On 16th December the Bishop of St Albans received answers to two written questions on fly-tipping of electronic and hazardous waste:
The Lord Bishop of St Albans: To ask Her Majesty’s Government, further to the Written Answer by Lord Goldsmith of Richmond Park on 6 February (HL944), what progress they have made on the introduction of a mandatory electronic waste tracking system to combat fly tipping. [HL11049]
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On 15th December 2020 the Bishop of St Albans received a written answer to two questions on hospice funding:
The Lord Bishop of St Albans:
To ask Her Majesty’s Government what plans they have to provide funding to charitable hospice care providers who have lost community funding during the COVID-19 pandemic. [HL10989]
The Lord Bishop of St Albans: To ask Her Majesty’s Government what plans they have to provide funding to Rennie Grove Hospice Care to mitigate the impact of the COVID-19 pandemic. [HL10991]
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On 14th December votes were held in the House of Lords on the United Kingdom Internal Market Bill during its ‘ping-pong’ stage between Houses. Bishops supported two motions tabled by Peers to insist on amendments to the Bill that had been turned down by the Government in the House of Commons.
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On 14th December the Bishop of St Albans asked a question during exchanges on a statement about the Government’s Gambling Review:
The Lord Bishop of St Albans [V]:
My Lords, it is true that we cannot cost the human hurt and pain, but the Statement praised the tax receipts and employment benefits that come from the gambling industry but did not mention any of the financial costs of gambling-related harms. Will the Minister assure the House that, as part of the evidence-based approach, the review will include research into the cost of gambling-related harms—for example, for the 14 clinics dealing with gambling addictions, the cost of trials and imprisonment, the cost of JSA claims and the terrible cost of suicides—to ascertain whether the gambling industry is really a net contributor to the Treasury, as the Government claim?
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On 10th December the Bishop of St Albans received a written answer to a question on whether Uighur forced labour had been used in production of PPE bought by Government for use in the UK:
The Lord Bishop of St Albans: To ask Her Majesty’s Government what assessment they have made of whether Uighur forced labour was used in the production of personal protective equipment purchased by the UK from Medwell Medical Products; and what plans they have to implement due diligence checks to ensure that items purchased by the UK have not been produced using such forced labour. [HL10106]
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On 8th December the Bishop of St Albans responded to a Government statement on its Agriculture Transition Plan:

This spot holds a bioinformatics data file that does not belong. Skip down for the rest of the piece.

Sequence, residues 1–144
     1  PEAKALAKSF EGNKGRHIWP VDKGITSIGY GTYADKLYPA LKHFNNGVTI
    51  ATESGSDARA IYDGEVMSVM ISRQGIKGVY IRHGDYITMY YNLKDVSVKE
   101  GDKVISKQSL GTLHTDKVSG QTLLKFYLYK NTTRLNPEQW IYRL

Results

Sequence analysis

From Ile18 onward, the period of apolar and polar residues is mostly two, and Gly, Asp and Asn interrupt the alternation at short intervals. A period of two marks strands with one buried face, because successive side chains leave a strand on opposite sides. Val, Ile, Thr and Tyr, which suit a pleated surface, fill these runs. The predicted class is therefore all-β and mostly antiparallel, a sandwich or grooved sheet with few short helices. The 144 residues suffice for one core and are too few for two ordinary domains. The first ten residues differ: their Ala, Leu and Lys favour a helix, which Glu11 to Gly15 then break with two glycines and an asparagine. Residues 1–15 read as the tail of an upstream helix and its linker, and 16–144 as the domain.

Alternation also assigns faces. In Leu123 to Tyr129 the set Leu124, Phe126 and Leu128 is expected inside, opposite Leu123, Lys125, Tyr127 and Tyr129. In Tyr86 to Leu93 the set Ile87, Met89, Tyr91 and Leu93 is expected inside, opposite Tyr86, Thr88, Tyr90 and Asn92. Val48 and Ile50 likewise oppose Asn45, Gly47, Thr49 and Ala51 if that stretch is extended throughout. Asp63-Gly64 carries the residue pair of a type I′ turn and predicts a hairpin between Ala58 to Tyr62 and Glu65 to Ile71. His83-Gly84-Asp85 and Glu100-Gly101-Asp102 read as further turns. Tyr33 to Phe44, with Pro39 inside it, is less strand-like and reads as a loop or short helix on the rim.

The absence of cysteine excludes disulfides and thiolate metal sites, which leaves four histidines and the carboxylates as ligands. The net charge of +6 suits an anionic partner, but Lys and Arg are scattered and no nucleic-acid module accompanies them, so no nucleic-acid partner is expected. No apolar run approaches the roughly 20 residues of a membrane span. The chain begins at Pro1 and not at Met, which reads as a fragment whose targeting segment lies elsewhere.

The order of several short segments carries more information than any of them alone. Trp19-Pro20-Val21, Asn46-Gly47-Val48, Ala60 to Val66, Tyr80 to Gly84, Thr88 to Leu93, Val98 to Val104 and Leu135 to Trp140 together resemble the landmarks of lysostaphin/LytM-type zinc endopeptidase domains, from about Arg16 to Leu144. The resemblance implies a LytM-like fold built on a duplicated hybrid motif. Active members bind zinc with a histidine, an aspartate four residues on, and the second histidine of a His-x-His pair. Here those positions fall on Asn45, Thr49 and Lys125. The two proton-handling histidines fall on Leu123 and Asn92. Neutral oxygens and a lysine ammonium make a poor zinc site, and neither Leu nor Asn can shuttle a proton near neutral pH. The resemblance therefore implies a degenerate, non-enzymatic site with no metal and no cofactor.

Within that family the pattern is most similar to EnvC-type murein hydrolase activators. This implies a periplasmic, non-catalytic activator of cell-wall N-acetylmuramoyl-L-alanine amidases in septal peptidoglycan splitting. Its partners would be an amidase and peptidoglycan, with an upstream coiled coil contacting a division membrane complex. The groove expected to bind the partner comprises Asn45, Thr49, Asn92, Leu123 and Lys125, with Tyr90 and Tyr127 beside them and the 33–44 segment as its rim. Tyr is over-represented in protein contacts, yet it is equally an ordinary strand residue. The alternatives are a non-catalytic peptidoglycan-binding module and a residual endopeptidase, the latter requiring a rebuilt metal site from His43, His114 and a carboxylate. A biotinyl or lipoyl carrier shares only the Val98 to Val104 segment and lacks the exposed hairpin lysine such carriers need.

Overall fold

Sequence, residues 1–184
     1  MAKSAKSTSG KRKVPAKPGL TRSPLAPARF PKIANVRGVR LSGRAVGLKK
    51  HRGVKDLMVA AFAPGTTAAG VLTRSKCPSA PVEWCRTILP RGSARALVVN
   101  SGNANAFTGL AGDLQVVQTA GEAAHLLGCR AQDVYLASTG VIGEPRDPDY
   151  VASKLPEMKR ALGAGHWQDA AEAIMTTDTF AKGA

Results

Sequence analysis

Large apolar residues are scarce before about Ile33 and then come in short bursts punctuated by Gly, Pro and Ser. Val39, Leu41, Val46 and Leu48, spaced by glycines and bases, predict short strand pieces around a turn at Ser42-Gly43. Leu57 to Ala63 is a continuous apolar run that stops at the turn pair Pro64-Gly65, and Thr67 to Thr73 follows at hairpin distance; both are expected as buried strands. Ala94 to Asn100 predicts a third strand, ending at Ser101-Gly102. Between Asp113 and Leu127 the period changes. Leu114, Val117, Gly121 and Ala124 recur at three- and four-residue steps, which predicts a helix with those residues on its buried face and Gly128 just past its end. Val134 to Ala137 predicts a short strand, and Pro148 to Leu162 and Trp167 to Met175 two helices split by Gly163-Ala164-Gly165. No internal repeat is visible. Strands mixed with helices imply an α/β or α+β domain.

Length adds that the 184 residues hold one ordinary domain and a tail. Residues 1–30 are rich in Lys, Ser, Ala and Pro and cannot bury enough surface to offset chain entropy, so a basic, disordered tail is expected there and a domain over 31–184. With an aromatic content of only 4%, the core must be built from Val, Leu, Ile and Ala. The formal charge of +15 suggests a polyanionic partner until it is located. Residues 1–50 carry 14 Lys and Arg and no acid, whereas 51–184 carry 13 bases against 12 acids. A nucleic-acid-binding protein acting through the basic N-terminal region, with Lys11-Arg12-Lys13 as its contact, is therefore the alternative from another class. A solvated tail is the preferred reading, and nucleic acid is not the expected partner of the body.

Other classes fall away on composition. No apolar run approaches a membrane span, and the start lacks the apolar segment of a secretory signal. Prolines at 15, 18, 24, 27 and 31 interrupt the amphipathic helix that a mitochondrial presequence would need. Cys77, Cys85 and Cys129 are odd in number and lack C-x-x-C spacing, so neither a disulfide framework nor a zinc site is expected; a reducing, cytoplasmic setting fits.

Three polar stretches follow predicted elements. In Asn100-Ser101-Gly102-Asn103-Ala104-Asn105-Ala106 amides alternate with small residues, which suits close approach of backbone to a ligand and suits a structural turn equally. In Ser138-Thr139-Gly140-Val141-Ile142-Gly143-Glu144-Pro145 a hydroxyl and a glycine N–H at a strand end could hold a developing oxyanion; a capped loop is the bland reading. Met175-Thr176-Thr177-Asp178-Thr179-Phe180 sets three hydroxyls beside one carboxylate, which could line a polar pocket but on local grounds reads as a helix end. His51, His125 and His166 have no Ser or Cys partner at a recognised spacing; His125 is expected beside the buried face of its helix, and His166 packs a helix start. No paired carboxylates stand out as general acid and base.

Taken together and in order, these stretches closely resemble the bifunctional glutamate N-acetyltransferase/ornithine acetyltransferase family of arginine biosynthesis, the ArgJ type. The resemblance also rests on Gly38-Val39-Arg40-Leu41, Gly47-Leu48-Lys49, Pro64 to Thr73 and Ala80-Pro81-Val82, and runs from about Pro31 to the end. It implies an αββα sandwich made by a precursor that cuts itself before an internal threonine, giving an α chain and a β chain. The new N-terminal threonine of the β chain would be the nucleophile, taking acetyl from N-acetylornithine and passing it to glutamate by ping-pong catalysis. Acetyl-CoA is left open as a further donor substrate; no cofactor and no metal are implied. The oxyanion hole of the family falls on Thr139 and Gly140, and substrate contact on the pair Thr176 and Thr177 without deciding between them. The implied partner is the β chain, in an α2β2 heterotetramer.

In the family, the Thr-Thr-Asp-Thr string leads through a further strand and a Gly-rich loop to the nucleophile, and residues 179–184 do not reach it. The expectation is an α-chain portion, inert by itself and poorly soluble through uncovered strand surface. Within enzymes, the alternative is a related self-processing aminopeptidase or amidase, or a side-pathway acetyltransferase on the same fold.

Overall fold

The Lord Bishop of St Albans [V]
: My Lords, I declare my interest as president of the Rural Coalition and pay tribute to the Minister, who has worked so hard on getting this through.
In the ELMS policy discussion document, Her Majesty’s Government recognised the bureaucratic burden that the CAP had placed on farmers and administrators. We were optimistic that the rollout of rural broadband would help a great deal, although the comprehensive spending review seems to have drawn back, and many people in rural areas are deeply concerned about how these new processes will be worked through.
Can the Minister outline the plans for the ELMS application process and how it is intended to reduce bureaucratic constraints? Can he assure the agricultural community that there will be adequate helplines staffed by those who have been fully trained in these new processes?
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On 7th December the House of Lords considered amendments to the Government’s Trade Bill. Three votes on amendments were held in which Lords Spiritual took part. All three amendments were passed:
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On 7th December the House of Lords considered the Government’s Trade Bill at its Report Stage. The Bishop of St Albans sponsored and spoke in support of amendment 6 from Lord Purvis of Tweed on parliamentary approval of future trade deals:
The Lord Bishop of St Albans [V] :
My Lords, I support Amendment 6 in the name of the noble Lord, Lord Purvis of Tweed, and the revision he has made as he has engaged with the Government. I am grateful for his very clear exposition and will be concise in my support.
Modern trade agreements affect huge swathes of public policy, including consumer and workers’ rights, environmental legislation, food standards, health, public services and international development. MPs, who represent constituencies and work with a variety of stakeholders, deserve the right to assess the consequences of an agreement, as does your Lordships’ House.
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On 7th December the Bishop of St Albans received written answers to questions on Ethiopia, armed conflict and food shortages:
The Lord Bishop of St Albans:
To ask Her Majesty’s Government what representations they have made to African members of the Commonwealth to encourage them to ensure a peaceful solution to the conflict in Tigray. [HL10708]
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